Historians regard the Mongol raids and invasions as some of the deadliest conflicts in human history. Brian Landers has offered that, “One empire in particular exceeded any that had gone before, and crossed from Asia into Europe in an orgy of violence and destruction. The Mongols brought terror to Europe on a scale not seen again until the twentieth century.” Diana Lary contends that the Mongol invasions induced population displacement “on a scale never seen before,” particularly in Central Asia and eastern Europe.
– Wikipedia: ‘Mongol Invasions and Conquests’
According to the UN, there are currently some fifty million refugees – persons displaced by conflict, climate change and economic deprivation – wandering about the world looking for a home.
Each day, the news reports on boat people – men, women and children – drowning in their hundreds in the Mediterranean, or stranded, fleeing ethnic cleansing in Myanmar, in their thousands aboard leaky vessels off the coasts of Malaysia and Indonesia without food, fresh water or hope of official rescue; migrants being trafficked and left to die in the Sahara or the Texas panhandle; British voters bitching on about ‘too many foreigners’ being let in to the country, the rise of narrow nationalism.
We sometimes hear too, when there is no tiresome British ‘election news’ to divert the news editors from their obsession with celebrity trivia, of the ten million displaced persons in the expanding Syrian civil war; of refugees streaming away from conflict in eastern Ukraine; of the ebb and flow of the creation of the new ‘caliphate’ state known as ISIL and its attendant massacres, mass expulsions and slave trafficking; of the displacement of tens of thousands in Darfur, Eritrea, Mali, northern Nigeria and even Libya, owing to continued ethnic and religious violence.
Most of these 21st-century enforced migrants are Muslims, as would have been the case during the Mongol expansion into the Islamic empire. Where would they have gone? Many westward, to North Africa and Spain. Most, it seems, were massacred where they lived: a typical Mongol ‘horde’ consisted of ten thousand highly disciplined soldiers, each of whom was personally required on pain of death during one campaign alone to execute a quota of 24 captives…. The slaughter at the seige of Baghdad, for instance, was on a scale imaginable only with the invention of modern weapons of mass destruction.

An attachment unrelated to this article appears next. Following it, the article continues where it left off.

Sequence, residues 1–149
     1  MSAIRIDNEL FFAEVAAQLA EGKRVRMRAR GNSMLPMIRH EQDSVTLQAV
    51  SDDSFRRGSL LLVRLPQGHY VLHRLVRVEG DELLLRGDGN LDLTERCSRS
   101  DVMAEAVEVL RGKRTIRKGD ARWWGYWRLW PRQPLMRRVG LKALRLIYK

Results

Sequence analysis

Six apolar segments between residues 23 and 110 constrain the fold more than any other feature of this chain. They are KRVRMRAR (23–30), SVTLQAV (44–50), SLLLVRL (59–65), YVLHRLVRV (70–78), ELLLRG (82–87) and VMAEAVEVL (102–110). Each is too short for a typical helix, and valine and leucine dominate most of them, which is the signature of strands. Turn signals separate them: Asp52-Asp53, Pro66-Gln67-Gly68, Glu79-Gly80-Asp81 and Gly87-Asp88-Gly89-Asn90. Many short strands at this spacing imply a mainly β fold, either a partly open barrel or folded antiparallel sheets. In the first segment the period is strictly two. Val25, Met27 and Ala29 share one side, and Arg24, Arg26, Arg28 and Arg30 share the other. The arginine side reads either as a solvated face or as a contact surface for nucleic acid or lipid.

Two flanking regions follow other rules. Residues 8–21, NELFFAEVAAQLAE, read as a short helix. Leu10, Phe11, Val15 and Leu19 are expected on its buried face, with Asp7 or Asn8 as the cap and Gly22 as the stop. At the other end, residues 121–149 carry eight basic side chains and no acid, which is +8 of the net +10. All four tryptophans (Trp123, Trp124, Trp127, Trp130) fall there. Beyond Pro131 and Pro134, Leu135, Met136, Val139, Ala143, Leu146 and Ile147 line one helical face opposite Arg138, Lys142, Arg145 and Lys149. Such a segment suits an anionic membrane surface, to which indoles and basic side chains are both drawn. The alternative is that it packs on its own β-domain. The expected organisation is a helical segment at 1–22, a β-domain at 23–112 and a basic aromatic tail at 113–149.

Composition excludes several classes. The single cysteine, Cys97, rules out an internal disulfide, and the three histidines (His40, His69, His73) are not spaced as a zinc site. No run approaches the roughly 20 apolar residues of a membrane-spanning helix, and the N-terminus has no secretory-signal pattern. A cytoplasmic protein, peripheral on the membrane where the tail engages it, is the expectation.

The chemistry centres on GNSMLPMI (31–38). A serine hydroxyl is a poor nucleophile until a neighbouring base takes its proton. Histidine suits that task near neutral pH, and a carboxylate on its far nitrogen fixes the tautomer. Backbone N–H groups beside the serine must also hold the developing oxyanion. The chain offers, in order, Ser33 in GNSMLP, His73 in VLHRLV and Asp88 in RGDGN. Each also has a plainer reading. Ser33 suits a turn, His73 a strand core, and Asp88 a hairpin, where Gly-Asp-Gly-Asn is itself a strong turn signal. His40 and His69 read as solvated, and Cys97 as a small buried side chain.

Today’s crisis is largely being brought on by violence between, not against, rival Muslim sects and, frankly, tribal or criminal gang warfare. Behind it, however, lie opportunities for the strong to seize power, that have been created in a number of states in the wake of failed wars and ‘investment’ strategies involving largely American and Russian interests, together with the economic disadvantages caused by corrupt regional government, chronic under-development, overpopulation and climate change – examples of which include the relentless onward march of the Sahel and the salination of agricultural lands.
Historically, too, oil has been a key factor in attempts by Western governments and corporate interests to engineer ultimately unstable polities in the region.